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Homeowners told not to kill wasps, flies and bugs in their homes this summer

todayJune 19, 2022 1

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Homeowners are being urged to put down their rolled up newspapers and leave flies and wasps alone which enter their houses this summer. Normally the merest sign of an insect invader turns people into killing machines on the hunt.

But wildlife experts have made a plea for people to just help them to escape out windows and not to kill bugs. This is because there has been a mass extinction taking place.

The clearest sign of it is the fact that cars going on long journeys no longer have hundreds of flies splattered on the front. According to a new study the country’s lying insect population has declined by as much as 60% in the last 20 years – largely caused by increase use of insecticides and also loss of habitat, Yorkshirelive reports.

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Conservation charities Buglife and the Kent Wildlife Trust asked members of the public to count the number of insects splatted against their vehicle number plates, reports The Natural History Museum, and compared it to a similar study from 2004. They found that counts were down the most in England, where 65% fewer insects were recorded, and the least in Scotland, which recorded a 28% fall.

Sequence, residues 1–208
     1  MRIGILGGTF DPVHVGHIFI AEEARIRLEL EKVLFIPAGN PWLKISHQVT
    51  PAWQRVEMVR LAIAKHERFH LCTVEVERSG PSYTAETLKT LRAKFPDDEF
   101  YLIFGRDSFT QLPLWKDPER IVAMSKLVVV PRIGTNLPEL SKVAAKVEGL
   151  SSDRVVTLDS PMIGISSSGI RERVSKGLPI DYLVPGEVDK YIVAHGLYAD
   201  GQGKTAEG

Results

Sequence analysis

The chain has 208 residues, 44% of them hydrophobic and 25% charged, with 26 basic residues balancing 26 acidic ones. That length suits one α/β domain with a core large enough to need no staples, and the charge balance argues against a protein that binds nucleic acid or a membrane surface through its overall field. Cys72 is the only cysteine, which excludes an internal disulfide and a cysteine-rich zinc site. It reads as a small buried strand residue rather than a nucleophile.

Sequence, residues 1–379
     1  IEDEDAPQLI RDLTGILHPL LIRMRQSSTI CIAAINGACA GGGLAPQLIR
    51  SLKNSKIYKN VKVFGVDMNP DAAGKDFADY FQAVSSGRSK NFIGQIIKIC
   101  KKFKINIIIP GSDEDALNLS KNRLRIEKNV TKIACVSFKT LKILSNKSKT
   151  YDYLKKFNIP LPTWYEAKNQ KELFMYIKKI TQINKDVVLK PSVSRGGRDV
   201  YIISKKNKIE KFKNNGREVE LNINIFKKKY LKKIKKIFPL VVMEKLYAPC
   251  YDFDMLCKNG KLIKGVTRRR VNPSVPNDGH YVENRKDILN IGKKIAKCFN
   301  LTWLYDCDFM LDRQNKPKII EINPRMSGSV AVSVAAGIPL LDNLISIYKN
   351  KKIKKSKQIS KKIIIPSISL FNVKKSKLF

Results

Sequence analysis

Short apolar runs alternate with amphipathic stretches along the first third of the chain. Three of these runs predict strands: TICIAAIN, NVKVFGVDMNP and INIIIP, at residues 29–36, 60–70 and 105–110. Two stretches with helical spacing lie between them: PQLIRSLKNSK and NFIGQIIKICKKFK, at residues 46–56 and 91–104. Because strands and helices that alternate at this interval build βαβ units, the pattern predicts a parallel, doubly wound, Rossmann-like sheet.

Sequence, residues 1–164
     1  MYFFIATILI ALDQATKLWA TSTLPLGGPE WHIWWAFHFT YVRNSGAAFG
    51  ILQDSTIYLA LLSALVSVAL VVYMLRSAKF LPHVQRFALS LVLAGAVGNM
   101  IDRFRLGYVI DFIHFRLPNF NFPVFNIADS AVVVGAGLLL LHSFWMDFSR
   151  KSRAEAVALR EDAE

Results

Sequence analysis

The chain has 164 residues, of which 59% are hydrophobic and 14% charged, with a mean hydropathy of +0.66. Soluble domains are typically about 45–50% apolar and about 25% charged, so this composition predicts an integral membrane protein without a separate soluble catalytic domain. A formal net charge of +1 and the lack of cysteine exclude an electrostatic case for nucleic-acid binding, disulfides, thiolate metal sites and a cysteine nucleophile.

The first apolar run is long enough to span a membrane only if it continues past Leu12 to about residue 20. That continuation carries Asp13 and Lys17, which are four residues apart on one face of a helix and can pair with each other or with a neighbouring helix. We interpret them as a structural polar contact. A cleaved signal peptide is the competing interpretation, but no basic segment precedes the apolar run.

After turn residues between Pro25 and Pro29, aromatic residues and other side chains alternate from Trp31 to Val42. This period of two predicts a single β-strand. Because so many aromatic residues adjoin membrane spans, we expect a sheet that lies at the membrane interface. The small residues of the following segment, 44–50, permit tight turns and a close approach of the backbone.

Paul Hadaway, the director of conservation at Kent Wildlife Trust, said: “The results from the Bugs Matter study should shock and concern us all. We are seeing declines in insects, which reflect the enormous threats and loss of wildlife more broadly across the country.

“These declines are happening at an alarming rate and without concerted action to address them we face a stark future. Insects and pollinators are fundamental to the health of our environment and rural economies.

“’We need action for all our wildlife now by creating more and bigger areas of habitats, providing corridors through the landscape for wildlife and allowing nature space to recover.”

People online have in the past shared their techniques for killing flying bugs at home including traps, electric rackets and sticky fly paper, or sicking their cats on them.

But in the face of such startling figures, the best bet might be to shoo flies and wasps back outside rather than kill them.

The Natural History Museum added: “The decline in insects affects all the major groups. In the next few decades, as many as 40% of the world’s species could become extinct, including bees, ants and butterflies.

“These insects represent some of the most significant pollinators of plants. While plants are pollinated in many different ways, insect-pollinated crop plants such as apples, pears, cucumbers, watermelons and almonds, will become significantly less productive without pollinators, and could fail altogether.

“The impact of insect loss goes far beyond our food supplies, however, as animals such as birds which depend on them for food will also be hit.”

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Written by: thehitnetwork

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